I was detained with the people I was arrested with from September 23, 2021, to March 12, 2022. And as we were separated on that day in March, there are some of them I never saw again till I was released. We were mixed up with Boko Haram suspects. In our cell, a one-room cell, we were 15 inmates. We had an open toilet and bathroom. The toilet is open, no door. If someone is using it, you’ll both be looking at each other. When you stare long enough, you distract yourself with something else. And sometimes, you wouldn’t even get water to clean up.

Until the end of last month, I stayed for one month and 17 days without a bath. I remember that in early June, I stayed days without water because there was none. There are a lot of horrible stories to tell, but I do not want to go into them because I am now a free man.

I understand you were released alongside Onyiba Emmanuel Chinonso, a computer science student at the Ebonyi State University. Was he in the same vehicle as you?

Yes, Chinonso and I were in the same vehicle. We were arrested on the same day and released on the same day. He was in Wawa Military Detention with me, and we had the same experience.

READ ALSO: INTERVIEW: Cuffed, Blindfolded… How Nigerian Editor Landed in Underground Military Cell Over Story Linking Gbajabiamila to $30b Loot

How did your release happen from your own end?

It was just a Wednesday. They had already served us for the day and closed our door and locked us inside. Before he left, the person who was like a porter, came back and opened our door. He called my name. Those in the cell knew me as Barrister. Most of them were Boko Haram suspects, and they did not know my name.

So, when the porter called my name, he just simply asked, ‘Who is Pious?’ One of us who was at the door said, ‘No Pious here,’ but I heard it. I then raised my hand and said, ‘I am the Pious.’

He told me to come out and put on my footwear. When I got outside, I saw a man sitting in front of three military men. He was sitting on the ground, in front of his own cell. This man, I later found out, was Chinonso.

So, I was suspicious that maybe something happened and Chinonso called my name. When I got there, they asked for my name, I told them. They asked for details of my arrest, and I recounted it. Since I was arrested I had stuck to the same version of my arrest, which is the truth, just because I did not want them to misquote me.

However, I have to state that when they called me, they asked for my name. I gave them my name, and they asked me where I came from. I told them and also added that I’m an international lawyer.

While we were there, one military personnel said I would stay in detention until I died. But the other person cautioned him and said that was not going to happen. Then the person who was interrogating me said he knew me. After a couple of minutes, he said they would call me to meet with the commander of the cantonment, that I should tell him the same story I told them and that I should also be praying. That was the way they put it.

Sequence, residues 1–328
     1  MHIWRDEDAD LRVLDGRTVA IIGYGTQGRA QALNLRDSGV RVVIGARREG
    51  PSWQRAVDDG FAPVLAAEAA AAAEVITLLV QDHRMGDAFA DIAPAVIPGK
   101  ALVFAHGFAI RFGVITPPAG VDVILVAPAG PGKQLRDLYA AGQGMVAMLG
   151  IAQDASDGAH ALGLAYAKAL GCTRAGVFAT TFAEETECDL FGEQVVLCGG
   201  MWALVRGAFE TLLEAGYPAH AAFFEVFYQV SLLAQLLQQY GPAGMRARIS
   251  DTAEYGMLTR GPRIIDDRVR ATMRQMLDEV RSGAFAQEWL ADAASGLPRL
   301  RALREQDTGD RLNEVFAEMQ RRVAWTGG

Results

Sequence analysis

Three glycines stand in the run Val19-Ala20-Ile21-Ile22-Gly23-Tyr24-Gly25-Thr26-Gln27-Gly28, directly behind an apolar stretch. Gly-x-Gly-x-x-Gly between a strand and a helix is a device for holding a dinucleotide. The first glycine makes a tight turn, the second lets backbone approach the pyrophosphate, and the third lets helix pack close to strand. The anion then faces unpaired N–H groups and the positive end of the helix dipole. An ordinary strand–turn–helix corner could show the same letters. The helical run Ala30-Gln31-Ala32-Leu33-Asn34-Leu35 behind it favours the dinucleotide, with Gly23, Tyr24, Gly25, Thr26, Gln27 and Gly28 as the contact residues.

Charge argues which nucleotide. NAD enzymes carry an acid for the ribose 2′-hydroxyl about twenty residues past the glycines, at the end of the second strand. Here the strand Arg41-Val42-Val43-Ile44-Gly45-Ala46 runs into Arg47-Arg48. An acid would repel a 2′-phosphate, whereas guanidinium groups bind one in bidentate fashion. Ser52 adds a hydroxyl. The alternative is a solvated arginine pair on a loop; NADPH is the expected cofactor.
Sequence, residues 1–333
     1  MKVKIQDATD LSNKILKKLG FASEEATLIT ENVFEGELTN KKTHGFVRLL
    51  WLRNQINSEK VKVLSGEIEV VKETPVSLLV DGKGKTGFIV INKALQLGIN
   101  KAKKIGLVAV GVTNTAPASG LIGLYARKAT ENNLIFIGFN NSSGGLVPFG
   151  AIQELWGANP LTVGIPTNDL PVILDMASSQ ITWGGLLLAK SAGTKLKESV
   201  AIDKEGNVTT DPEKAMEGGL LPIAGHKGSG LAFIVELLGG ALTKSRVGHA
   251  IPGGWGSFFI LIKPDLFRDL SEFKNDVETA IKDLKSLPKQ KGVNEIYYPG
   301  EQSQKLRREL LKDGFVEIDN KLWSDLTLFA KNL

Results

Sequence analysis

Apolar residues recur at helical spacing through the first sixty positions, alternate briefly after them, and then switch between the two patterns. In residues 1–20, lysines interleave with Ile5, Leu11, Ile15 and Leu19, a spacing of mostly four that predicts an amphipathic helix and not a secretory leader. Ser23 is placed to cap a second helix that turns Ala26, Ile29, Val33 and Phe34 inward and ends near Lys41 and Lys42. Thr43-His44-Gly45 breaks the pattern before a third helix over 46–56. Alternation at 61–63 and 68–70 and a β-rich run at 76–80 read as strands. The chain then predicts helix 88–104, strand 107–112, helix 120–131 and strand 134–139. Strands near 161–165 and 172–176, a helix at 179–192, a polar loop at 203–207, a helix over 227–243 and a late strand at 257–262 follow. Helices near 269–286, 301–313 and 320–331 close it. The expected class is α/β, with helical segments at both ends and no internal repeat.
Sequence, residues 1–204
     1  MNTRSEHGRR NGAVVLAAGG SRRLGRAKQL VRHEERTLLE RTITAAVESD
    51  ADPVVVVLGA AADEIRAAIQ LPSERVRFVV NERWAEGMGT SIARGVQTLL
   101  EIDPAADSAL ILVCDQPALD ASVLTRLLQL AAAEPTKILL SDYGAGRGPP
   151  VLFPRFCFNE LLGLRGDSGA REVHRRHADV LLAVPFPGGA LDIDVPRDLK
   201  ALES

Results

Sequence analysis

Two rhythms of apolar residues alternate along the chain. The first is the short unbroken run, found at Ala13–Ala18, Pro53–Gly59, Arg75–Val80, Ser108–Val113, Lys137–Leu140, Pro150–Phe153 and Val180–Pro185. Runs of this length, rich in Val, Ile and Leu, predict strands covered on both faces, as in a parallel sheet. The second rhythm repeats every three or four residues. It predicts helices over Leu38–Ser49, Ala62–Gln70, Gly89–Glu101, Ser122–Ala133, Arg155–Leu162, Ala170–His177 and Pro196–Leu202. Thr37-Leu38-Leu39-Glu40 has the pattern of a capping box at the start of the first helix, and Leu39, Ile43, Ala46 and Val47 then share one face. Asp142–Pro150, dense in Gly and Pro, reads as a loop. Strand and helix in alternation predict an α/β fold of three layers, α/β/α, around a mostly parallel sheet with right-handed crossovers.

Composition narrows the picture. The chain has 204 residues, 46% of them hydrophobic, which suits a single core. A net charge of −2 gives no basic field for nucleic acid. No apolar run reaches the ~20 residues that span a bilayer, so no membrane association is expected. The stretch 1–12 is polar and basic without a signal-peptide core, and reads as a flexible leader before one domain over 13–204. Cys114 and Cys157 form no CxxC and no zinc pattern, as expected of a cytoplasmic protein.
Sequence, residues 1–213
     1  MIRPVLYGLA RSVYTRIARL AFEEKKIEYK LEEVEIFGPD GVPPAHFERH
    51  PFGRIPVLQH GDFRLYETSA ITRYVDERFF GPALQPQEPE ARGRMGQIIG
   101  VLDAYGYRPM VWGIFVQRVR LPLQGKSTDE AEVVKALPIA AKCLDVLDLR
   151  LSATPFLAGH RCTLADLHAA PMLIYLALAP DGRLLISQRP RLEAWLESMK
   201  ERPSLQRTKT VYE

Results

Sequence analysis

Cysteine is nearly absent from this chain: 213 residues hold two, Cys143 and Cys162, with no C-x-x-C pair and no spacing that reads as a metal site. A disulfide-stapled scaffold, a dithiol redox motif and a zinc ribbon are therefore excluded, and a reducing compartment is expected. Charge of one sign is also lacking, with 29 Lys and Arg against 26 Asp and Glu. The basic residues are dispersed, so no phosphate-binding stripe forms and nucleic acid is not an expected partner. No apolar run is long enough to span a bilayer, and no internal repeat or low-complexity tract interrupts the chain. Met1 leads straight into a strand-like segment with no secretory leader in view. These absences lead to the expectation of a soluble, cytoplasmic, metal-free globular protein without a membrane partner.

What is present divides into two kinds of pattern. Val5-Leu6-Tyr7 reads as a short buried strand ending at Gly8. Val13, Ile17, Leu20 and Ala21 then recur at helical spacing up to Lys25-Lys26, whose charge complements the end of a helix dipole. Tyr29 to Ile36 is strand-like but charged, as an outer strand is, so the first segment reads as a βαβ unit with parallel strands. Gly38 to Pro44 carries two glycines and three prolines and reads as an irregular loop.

The following day, a Thursday, they brought Chinonso and me out again, but this time for computer thumb printing. This didn’t work because there was no blood again. In the evening of the same day, they took us to the centre of the cantonment, where we met seven military men, including the commander, who interrogated us all over.

He asked us a few more questions and then said, ‘Happy freedom.’ He then gave the order that we be given clothes, but I was still sceptical. The next day, they provided us with the clothes, and they asked us to pack our things into a room. In that same room, they blindfolded us with black clothes and led us through the stairs and into a car.

They blindfolded us till we arrived at the DSS office in Mina. At the time, we didn’t know where we were. They just stopped the vehicle. After several hours of travel, they brought a document for me to sign, but I asked them how I could sign a paper blindfolded. This was when they told me I could remove my blindfold, and then I realised we were in the DSS office, Minna.

Another surprising thing was that one of the officers became very friendly with us, and he was imploring my patience while stating that I would soon meet the chairman of the Nigerian Bar Association (NBA), Minna, as he would sign my surety and they would hand us over to him. All the while, I thought they were planning to transfer us to another cell.

When he came, we met, and he filled his forms. The next day, they drove us in a DSS convoy to the DSS office in Abuja, where we met the NBA national chairman and were released fully.

Do you plan to sue the DSS for arresting you illegally?

No, I do not have that decision. I still need time to fully recuperate before I think of it. Also, I can’t go contrary to the people who fought for my freedom. I will have to speak with them first, just because I did not get myself out.

Now that you are free, do you plan to return to legal practice?

Wonderful. My profession. Since I was called to bar, I have not had any other profession. It is the job of my dream. I will go back to, but I will take enough time to heal.